By the American Society of Bariatric Physicians.
The American Society of Bariatric Physicians (ASBP) was discouraged to learn of the state of Ohio’s decision to remove an 8-year-old child from his home because of excessive weight issues. Media reports state that the boy was on the honor roll, actively participating in school activities, and not in any immediate danger. The ASBP believes that this type of state intervention sets a dangerous precedent, is extreme and highly unjustified.
With approximately one out of three children in America considered overweight or obese, childhood obesity has reached epidemic proportions. ASBP does not attribute this dramatic increase solely to poor parenting. Race and ethnicity, genetic predisposition, environment in utero and birth weight all affect obesity rates long before any active parenting occurs. After birth poverty, infant feeding practices, parent education level, and the cost disparity between healthy and less healthful foods play a role. Children cannot expend energy as in the past because of the fear of abduction as well as unsafe sidewalks, trails, and parks. In schools vending machines, poor quality school lunches, and the regrettable removal of physical education and health classes factor in. If that child turns on a computer and browses the internet, she is barraged by cereal and candy advertisements. Increased caloric densities of foods and portion sizes have also paralleled our obesity epidemic.
This is not to say that parents are completely defenseless to our obesity causing environment. As physicians who treat childhood obesity, the ASBP recognizes that parental involvement is paramount to a child’s long-term success. Simple changes such as sitting down to dinner as a family, decreasing fast food consumption, controlling electronics and modeling healthy eating behaviors can have a significant impact on the weight of the entire family. Parents can remove junk foods from the home, decrease processed foods and increase produce (if they can afford to do so and have access to fresh fruits and vegetables). However, these behaviors alone do not guarantee success. Consider a family who has made these changes and the child remains severely obese. ASBP does not agree that the best or only option is to remove the child from his home.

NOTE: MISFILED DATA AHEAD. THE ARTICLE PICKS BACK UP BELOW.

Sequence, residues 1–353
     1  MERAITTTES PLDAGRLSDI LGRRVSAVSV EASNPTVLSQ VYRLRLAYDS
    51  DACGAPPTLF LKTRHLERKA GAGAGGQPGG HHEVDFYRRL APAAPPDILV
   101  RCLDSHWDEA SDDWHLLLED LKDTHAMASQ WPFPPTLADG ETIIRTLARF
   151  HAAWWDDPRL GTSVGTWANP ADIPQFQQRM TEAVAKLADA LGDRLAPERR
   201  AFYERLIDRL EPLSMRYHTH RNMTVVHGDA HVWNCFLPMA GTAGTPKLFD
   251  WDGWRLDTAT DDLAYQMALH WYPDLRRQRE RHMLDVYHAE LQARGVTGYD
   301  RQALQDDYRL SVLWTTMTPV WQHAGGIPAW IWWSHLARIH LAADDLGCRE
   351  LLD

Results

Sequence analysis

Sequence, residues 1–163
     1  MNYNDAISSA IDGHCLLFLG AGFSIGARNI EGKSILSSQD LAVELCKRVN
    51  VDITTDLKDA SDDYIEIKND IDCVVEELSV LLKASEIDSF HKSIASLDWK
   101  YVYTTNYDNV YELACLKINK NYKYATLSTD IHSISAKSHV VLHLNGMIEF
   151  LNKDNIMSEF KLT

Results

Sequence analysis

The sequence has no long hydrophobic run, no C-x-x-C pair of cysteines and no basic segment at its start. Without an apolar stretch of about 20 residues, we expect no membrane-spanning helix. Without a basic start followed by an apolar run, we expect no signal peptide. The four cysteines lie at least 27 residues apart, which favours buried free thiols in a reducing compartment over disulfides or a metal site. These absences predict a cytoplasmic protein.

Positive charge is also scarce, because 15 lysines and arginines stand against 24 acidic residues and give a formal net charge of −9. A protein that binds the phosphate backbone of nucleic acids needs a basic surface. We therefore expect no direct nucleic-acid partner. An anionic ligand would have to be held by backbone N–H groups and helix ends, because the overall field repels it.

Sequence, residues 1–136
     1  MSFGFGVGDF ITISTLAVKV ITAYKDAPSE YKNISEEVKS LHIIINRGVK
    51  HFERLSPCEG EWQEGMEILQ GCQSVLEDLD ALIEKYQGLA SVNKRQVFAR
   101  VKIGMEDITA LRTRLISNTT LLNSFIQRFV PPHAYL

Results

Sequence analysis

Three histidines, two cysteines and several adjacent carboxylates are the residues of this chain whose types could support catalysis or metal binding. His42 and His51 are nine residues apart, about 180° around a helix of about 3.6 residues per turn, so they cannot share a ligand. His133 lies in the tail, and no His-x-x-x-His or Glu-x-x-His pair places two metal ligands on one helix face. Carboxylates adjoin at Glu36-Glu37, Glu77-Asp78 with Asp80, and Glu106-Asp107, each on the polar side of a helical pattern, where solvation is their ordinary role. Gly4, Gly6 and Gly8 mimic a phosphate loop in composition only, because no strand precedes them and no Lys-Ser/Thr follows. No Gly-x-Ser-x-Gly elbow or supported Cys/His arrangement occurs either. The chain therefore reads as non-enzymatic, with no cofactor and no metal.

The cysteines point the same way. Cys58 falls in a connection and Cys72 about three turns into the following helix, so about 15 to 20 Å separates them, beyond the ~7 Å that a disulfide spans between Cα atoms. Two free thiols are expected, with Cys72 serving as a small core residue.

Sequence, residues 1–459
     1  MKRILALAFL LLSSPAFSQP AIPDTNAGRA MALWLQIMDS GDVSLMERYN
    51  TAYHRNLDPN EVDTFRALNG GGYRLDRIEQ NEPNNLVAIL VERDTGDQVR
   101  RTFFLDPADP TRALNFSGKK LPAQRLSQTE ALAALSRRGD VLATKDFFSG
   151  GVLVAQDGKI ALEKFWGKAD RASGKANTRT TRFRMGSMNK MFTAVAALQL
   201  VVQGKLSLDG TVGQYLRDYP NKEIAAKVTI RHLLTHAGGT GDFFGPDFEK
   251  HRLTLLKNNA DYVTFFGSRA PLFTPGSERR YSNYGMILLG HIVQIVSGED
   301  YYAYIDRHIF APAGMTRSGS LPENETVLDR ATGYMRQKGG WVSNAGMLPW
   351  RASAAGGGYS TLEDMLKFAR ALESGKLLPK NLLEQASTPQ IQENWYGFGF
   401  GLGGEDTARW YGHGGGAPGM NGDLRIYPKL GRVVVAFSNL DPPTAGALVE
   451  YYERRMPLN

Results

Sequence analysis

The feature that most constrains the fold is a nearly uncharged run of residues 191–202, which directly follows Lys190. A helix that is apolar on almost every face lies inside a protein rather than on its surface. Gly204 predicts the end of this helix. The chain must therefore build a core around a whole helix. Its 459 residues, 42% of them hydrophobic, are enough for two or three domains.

Considering approximately two million children are severely obese, it seems risky to conclude that parental neglect is the common cause. Further the sheer numbers are clearly more than an already overburdened foster care system can handle. Obese children are discriminated against by peers and teachers, are bullied relentlessly, and have a quality of life equivalent to that of a cancer patient. The additional insult of removing a child from his or her home will in most cases do more harm than good. In addition, given the fact that 2/3 of our society is overweight and 1/3 obese, the chances that a child will be placed in a home of family who itself struggles with a weight problem is more likely than not.
In the case of the 8 year old Ohio boy, there appeared to be an engaged mother who expressed love for her child, but struggled to get him to lose weight. Since there were no reported signs of neglect or abuse in conjunction with this boy’s obesity, the ASBP considers state intervention unnecessary, unrealistic and likely damaging to the child long term.
About the ASBP. Founded in 1950, the ASBP is the oldest medical association dedicated to the non-surgical treatment of obesity and associated diseases. The ASBP is a collaborative organization that provides its members practical information and business tools to implement a successful medical bariatric practice. For more information about the ASBP, visit www.asbp.org.